Bad Behavior and Your Happiness
The kinds of issues I discuss with clients often seem to come in waves. Patterns emerge. Of course I’m usually hearing about various levels of distress that women and men are experiencing at work, and not surprisingly, a difficult boss or team dynamic prompts a lot of people to seek my assistance.
Lately many conversations with clients seem to revolve around bad behavior of managers and people in power and how to do what’s best given the circumstances. On a broader level, as well, we’ve all been watching the undoing of many men who have used their power and status in despicable ways; while we feel relief that their gig is up, we’re also asking why did the unmasking of this undermining abuse take so long?
It’s hard to speak truth to power.
When we want to bring difficult topics and issues to light we know we need to be prepared and smart. It’s risky and scary to speak up. Bravery is required, and mustering the courage to be authentic with people who may shut us down is needed. In big and small moments we meet choice points about how we want to be. When we speak up about something important to us with a loved one, or at work with a team member or boss. There are always consequences to speaking up, just as much as there are consequences to not speaking up.
During this year I’ve done some contract work with clients at an addiction recovery center in Pismo Beach. While leading workshops and meetings there I learned about some terrible, egregious behavior that brought many of these clients to soothe themselves with addictions and other self-sabotaging behaviors. Most of us know someone who struggles with addiction, or have a personal experience with, addictive behaviors. We’re as sick as our secrets is a phrase that encourages us to remove the cover off the ‘secrets’ that are keeping things and people stuck in a place of ‘dis-ease’.
I think what we’re seeing, in a big major way, is the dis-robing of the lies and abuses that have been inflicted on women, and men, for so many years. As the wrap comes off, and we let the light shine on these transgressions we’ll all likely go through a bumpy time of diligent awareness and hyper-vigilance. We’ll be adjusting and perhaps awkwardly wondering how not to mistakenly behave insensitively or do or say things that might be misunderstood. We know this happens; we’ve seen it for years as we attempt to be PC and sensitive to others around us.
Clearly we know we’re in this monumental time of shift – in every way possible we see upheaval. Who and how we want to be during and throughout times of change is up to each of us. We each have an opportunity to claim our power – not over others but internally — to know our own intentions, and to lean these in the direction of what’s good and decent. We can choose to respond and not react. We can prepare ourselves to be balanced and grounded to increase our effectiveness to work with change, with difficulty, with a toxic environment, with others who are doing harmful things to us or others. When we come from a ‘clean’ place of non-harming intention we can be very powerful in small and large ways.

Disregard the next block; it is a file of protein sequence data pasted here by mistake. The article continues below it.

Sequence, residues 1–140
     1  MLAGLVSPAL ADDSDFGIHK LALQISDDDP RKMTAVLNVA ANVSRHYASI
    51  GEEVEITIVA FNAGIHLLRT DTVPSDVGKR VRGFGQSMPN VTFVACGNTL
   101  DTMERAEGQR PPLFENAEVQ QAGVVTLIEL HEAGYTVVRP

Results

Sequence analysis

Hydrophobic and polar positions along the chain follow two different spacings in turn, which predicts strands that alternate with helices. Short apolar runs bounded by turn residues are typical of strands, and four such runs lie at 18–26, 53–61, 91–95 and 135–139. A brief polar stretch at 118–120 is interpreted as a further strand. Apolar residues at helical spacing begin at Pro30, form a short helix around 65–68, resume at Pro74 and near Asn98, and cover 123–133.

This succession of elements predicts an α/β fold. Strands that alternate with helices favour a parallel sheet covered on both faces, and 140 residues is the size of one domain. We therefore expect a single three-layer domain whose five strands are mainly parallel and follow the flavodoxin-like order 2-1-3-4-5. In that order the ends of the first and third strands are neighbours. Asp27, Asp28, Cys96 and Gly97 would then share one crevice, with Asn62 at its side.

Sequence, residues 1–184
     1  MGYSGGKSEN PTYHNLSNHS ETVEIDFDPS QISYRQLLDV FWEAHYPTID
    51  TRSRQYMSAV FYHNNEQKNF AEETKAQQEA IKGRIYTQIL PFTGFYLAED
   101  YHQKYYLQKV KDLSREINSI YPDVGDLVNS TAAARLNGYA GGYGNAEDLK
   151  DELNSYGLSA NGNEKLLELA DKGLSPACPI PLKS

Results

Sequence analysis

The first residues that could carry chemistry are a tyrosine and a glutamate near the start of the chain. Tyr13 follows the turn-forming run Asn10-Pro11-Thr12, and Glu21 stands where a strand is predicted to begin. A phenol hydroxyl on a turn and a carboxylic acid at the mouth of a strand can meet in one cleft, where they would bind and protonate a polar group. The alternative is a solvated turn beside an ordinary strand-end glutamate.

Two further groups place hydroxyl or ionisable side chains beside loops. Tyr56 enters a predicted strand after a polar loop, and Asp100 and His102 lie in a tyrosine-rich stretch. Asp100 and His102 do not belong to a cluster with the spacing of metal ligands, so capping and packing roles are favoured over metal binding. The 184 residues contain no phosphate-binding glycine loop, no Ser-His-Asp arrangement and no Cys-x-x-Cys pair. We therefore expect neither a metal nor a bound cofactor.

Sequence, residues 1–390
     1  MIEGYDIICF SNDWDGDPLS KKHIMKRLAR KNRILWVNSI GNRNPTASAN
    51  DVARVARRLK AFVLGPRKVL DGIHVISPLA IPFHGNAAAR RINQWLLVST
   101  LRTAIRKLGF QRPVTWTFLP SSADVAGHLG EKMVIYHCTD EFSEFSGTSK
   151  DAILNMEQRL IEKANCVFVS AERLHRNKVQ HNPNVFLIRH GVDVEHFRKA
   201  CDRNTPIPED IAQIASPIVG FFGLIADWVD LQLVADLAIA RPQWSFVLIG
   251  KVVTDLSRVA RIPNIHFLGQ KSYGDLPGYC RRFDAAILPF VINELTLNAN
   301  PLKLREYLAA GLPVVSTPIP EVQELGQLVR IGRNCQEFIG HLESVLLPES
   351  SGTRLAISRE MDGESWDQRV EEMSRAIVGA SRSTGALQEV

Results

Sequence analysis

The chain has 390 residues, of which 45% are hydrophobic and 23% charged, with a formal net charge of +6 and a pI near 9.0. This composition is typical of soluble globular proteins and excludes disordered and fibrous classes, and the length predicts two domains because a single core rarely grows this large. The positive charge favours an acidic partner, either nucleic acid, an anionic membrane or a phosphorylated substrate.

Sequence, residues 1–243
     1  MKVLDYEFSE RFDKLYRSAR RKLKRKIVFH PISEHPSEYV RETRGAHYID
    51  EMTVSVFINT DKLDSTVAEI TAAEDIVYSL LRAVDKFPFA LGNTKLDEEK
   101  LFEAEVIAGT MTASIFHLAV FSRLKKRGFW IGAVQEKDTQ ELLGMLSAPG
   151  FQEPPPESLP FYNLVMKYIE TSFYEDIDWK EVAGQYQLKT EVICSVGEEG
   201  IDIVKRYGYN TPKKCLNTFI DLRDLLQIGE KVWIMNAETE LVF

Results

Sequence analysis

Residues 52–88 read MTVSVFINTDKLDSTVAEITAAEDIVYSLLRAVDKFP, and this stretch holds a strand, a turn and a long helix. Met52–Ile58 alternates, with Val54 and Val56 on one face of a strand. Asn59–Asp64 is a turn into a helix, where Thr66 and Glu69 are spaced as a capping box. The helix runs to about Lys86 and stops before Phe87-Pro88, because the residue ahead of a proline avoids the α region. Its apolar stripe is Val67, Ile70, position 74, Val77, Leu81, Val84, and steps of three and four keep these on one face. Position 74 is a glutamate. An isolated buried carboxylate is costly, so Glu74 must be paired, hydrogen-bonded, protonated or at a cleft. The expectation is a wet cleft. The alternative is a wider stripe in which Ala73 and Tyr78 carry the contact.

Here’s my 30 Day Challenge to you.
Choose one person who is challenging for you at work or at home. For at least two weeks, two times during your day think of this person and consider the challenges this person is facing in their life. What pressures or difficulties might this person be grappling with that’s prompting them to behave as they do? Who and what is important to them? What do you see as their intention? And what is your intention toward them? Is there jealousy or resentment? If so, why? Is there a way you can take care of yourself to ease your experience of negative or challenging feelings about this person?
Then, with a bit of generosity, wish them, and you, happiness and health. After two weeks, consider if this person is really doing something that is truly harmful to you or others. If you see that real harm is going on, you may want to take the steps to discuss what you’re seeing and experiencing with others who need to know what you’re seeing. Use the next two weeks to investigate options to implement some sort of change. With others who are supportive to you, you may have help to create a concerted effort to mitigate the damage being done. If you don’t find supporters, you’ll come to another decision point. What action will you need to take, from a clean place of intention to increase your safety and health?
Within these 30 days you’ll have positively impacted your life and the lives of others. You’ll have taken time, and studied action, to move forward with intention and clarity. It may not be easy or comfortable but you’ll be doing the right thing.
I’d love to hear how things are going for you, and how this challenge (if you choose to take it on) works for you. Please write and share your experiences and I will be happy to respond.